In a line of Papago Flour corn originally obtained from the Maize Cooperation Stock Center, some selfed ears were found to be segregating two additional bands, as in the A and B patterns in Fig. 2-1. In pattern A the faster of these bands stained almost as intensely as the s-1 band, while the intermediate band was strongest. Pattern B was skewed toward the s-1 band. Pattern C contained the usual s-1 band. Upon selfing, patterns A and C were invariant, whereas pattern B segregated all three (A, B and C) patterns. These results are most simply explained by postulating the presence of an additional gene whose product can form a heterodimer with the s-1 band. If the faster (F) and the normally-migrating s-1 band (N) had represented alleles at a single locus, one would have expected segregation of F (alone), pattern A and pattern C in a 1:2:1 ratio in the progeny of a selfed pattern A plant.
Several lines were crossed reciprocally to plants exhibiting pattern A. In nearly all tested cases, only pattern B was observed in the F1 progeny kernels. The fact that the N-N homodimer band was stronger than the F-N heterodimer band in these hybrid plants is consistent with the interpretation that most of the maize lines we tested contain duplicate genes encoding the s-1 band. FN/NN heterozygotes would be expected to exhibit an approximate 9:6:1 relative ratio of the N-N, N-F and F-F bands, respectively, if the two gene products are approximately equal in activity. In all of these kernels there was a positive correlation between the intensity of the s-1 N band and the s-2 band.
In a screening of exotic lines available in our laboratory, a slow-migrating variant (which migrates to the approximate position of the m-1 band) was found to be segregating along with an apparent null for the other s-1 determining locus. The line was characterized by poor germination and general inviability; however, it was possible to recover double homozygous (slow, null) kernels in the F2 generation of an outcross. In order to answer questions about linkage and subunit interactions of the two sMDH genes, plants with this slow, null phenotype were crossed by plants homozygous for the Papago phenotype. The F1 kernels exhibited a five-banded pattern (Fig. 2-2). Upon selfing, six different phenotypes (classified as to number and types of bands) were resolved in the progeny F2 kernels (Fig. 2-2). If the genes were closely linked, one would expect 3 major phenotypes; 25% of the F2 kernels would be "slow, null" and the homozygous FS/FS pattern would be a rare recombinant phenotype. If the genes were unlinked but the slow and fast subunits were alleles of the same locus, one would expect to see the F-F homodimer band segregate out alone 1/16 of the time. If, however, there are two independent genes and the fast and null variants derive from alleles of the same locus, then the ratios in Fig. 2-2 would be expected. Analysis from our initial data from these F2 kernels shows them to be in close agreement to the expected ratios (Fig. 2-2) and thus, the last situation holds. On the other hand, the s-2 band is NOT independent; it varies with the position of the s-1 band (trailing it) and is, therefore, probably due to a modification of one or both sMDH gene products. We see no hybrid bands forming between s-1 and s-2, suggesting that this modification occurs perhaps after dimerization.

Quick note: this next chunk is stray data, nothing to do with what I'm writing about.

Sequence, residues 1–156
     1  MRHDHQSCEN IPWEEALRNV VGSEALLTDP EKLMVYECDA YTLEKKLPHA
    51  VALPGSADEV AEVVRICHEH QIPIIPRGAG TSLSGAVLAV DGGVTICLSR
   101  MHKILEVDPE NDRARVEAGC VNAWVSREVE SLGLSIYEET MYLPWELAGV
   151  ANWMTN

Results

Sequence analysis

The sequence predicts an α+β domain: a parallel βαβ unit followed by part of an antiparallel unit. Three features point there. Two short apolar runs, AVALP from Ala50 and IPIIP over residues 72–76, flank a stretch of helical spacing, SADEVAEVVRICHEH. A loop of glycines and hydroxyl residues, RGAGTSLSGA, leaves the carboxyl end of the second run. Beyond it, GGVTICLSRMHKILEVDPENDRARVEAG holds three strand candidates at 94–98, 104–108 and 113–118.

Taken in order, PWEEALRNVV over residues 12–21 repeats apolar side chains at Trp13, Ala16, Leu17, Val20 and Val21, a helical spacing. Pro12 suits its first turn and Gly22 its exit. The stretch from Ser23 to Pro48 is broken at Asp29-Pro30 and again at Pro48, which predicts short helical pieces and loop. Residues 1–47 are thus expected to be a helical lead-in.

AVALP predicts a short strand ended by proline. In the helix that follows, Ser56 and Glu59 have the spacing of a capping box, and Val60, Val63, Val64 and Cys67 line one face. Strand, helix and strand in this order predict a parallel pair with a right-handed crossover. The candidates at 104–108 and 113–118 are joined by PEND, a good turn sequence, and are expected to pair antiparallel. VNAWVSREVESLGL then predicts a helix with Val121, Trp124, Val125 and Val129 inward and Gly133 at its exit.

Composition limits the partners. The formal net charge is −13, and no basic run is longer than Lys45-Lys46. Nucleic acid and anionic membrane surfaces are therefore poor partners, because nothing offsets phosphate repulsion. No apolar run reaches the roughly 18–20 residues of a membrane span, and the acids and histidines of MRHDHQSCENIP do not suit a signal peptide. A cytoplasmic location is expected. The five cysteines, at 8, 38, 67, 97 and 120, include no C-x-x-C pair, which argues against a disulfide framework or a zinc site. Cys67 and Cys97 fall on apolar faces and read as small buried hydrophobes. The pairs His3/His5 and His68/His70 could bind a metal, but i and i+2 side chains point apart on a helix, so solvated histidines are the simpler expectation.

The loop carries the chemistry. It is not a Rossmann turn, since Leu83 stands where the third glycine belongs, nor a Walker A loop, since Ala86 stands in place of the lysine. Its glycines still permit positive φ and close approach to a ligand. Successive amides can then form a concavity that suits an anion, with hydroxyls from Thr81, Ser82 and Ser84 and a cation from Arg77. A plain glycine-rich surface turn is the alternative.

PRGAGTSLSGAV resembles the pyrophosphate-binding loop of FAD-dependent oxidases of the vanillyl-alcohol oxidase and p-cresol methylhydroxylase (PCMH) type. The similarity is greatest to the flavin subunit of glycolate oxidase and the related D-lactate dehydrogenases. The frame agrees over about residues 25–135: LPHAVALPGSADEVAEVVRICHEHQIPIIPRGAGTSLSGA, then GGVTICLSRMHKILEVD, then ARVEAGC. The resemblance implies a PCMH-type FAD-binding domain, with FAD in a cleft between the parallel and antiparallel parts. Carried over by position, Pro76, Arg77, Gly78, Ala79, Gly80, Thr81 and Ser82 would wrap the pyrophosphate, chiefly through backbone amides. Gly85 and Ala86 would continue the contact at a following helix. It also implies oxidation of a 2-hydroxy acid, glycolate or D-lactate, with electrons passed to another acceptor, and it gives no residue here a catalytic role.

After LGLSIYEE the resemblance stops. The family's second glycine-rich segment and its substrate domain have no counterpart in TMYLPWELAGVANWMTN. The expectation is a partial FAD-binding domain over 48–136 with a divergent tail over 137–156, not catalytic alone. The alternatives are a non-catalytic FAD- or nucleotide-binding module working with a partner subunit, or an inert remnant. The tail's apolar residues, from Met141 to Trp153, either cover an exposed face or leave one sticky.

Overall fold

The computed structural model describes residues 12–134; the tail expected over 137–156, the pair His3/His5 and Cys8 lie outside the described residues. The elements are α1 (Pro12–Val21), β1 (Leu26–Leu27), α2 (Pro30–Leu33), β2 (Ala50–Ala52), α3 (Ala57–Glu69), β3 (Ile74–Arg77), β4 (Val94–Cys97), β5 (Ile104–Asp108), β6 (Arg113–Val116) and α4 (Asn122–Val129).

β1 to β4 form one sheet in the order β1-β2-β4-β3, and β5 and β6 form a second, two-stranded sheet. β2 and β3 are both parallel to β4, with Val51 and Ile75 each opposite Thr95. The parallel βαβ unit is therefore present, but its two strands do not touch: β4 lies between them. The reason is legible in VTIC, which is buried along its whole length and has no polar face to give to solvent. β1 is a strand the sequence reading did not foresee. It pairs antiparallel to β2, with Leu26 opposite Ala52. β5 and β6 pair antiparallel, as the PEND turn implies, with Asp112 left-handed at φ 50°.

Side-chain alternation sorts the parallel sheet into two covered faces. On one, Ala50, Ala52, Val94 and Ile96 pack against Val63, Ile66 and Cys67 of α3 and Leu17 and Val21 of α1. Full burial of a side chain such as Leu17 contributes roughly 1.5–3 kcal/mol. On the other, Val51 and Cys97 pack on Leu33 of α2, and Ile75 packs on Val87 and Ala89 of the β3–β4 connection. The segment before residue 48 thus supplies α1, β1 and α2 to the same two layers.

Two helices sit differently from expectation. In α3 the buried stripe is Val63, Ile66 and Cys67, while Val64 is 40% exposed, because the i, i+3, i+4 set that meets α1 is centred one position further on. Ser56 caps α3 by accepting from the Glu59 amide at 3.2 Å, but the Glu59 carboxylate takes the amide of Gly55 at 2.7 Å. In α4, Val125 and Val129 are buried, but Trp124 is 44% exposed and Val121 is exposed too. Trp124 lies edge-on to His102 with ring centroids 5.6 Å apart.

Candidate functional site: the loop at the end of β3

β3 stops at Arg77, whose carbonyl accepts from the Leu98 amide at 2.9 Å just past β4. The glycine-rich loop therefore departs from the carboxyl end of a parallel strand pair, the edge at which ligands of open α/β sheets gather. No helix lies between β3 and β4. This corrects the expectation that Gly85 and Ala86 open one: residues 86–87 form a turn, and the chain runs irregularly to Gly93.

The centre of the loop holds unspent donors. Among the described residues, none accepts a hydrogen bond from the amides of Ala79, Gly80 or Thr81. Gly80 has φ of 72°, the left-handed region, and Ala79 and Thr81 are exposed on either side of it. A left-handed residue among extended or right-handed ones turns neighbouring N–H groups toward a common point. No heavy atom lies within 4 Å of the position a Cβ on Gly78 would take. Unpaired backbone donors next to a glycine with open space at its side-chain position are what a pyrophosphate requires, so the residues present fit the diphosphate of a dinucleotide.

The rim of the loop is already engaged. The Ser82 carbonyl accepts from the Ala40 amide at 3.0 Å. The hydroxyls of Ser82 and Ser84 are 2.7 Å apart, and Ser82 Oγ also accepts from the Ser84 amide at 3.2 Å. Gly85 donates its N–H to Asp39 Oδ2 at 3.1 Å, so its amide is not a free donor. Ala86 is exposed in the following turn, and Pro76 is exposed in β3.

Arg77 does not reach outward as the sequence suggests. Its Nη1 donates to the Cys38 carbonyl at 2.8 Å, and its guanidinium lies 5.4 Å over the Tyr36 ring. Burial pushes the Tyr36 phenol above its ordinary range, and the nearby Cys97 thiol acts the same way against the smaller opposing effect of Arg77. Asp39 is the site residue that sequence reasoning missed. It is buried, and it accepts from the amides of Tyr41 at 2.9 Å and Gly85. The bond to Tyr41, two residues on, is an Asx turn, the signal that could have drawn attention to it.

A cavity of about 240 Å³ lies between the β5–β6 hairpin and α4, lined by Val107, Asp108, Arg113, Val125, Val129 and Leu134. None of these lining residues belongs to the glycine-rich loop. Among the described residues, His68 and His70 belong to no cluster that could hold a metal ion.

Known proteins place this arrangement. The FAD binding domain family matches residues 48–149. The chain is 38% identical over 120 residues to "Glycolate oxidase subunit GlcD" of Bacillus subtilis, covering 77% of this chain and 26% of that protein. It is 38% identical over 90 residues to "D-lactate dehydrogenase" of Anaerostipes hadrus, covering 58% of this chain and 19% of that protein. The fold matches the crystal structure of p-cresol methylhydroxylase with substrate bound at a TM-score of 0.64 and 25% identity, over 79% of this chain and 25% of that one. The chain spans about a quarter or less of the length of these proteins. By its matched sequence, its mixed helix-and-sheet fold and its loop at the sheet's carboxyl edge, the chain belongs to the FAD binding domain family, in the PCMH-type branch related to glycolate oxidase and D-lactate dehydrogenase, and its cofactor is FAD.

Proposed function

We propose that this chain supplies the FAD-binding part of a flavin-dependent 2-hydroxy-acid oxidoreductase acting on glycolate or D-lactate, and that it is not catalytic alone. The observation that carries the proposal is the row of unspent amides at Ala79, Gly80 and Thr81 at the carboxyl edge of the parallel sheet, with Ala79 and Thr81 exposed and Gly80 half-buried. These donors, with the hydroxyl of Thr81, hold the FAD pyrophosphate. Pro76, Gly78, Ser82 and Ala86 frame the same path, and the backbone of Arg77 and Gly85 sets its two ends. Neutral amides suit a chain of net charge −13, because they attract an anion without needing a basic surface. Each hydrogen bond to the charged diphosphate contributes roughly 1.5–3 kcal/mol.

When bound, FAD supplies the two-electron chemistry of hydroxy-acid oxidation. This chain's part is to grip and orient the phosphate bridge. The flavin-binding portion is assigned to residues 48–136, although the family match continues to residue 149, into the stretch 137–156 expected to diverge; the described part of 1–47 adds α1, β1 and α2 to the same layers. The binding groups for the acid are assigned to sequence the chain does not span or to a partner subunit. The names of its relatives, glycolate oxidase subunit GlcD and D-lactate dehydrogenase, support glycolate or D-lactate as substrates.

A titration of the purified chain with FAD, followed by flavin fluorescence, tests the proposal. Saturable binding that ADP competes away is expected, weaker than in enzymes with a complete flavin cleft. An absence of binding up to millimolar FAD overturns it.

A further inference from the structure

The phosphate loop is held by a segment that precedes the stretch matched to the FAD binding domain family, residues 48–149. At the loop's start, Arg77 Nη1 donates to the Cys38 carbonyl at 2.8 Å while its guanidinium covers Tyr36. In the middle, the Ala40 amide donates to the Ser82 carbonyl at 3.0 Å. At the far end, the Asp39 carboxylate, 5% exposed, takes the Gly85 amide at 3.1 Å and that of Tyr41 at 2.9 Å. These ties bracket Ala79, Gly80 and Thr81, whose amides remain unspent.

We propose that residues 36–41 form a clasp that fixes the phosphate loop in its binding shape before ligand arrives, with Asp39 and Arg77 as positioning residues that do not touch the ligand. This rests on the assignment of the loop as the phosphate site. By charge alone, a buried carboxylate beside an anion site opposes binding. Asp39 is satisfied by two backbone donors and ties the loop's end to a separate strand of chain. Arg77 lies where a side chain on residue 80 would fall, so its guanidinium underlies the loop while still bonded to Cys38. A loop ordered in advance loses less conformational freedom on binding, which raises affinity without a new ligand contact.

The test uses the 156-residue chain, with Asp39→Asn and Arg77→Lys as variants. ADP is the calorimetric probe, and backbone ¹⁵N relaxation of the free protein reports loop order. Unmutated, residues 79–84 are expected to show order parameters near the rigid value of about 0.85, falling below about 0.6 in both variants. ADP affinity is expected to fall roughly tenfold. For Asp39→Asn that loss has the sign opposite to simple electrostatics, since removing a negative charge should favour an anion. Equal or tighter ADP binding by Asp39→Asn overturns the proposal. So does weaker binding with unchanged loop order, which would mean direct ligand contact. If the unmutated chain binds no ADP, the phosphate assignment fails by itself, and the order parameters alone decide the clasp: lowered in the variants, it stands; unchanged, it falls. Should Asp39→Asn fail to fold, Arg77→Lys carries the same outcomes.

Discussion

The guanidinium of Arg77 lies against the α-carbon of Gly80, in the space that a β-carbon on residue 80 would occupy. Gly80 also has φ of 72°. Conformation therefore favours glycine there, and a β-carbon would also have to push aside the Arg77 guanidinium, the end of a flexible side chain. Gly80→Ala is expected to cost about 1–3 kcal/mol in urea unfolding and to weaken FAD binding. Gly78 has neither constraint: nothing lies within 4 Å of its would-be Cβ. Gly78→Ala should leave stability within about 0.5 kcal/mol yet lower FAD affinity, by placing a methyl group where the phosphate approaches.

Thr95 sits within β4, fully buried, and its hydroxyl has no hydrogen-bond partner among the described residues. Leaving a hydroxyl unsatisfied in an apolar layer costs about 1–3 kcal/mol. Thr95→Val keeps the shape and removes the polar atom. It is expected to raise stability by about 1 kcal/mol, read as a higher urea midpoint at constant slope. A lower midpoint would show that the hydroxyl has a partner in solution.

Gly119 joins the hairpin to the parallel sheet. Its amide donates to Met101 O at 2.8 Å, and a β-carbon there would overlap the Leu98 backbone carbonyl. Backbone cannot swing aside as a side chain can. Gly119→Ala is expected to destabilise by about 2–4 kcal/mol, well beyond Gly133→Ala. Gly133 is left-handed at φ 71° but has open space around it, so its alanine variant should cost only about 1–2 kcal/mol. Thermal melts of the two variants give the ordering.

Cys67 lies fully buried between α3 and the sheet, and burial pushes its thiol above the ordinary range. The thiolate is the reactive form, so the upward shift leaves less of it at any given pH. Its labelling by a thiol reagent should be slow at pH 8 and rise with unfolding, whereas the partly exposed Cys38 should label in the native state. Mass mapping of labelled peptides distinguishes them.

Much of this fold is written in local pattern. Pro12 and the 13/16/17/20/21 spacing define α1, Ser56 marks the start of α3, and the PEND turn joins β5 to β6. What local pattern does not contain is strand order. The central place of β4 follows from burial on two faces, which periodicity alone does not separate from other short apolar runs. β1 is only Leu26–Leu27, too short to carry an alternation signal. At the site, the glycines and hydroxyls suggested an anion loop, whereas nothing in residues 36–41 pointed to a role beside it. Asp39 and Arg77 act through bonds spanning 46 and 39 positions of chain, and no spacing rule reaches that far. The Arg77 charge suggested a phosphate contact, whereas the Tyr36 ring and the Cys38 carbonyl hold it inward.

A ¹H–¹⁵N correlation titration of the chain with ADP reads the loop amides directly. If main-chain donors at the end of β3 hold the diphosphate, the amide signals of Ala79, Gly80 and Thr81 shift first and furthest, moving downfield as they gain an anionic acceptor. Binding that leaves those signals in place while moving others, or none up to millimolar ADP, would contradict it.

Kathleen J. Newton
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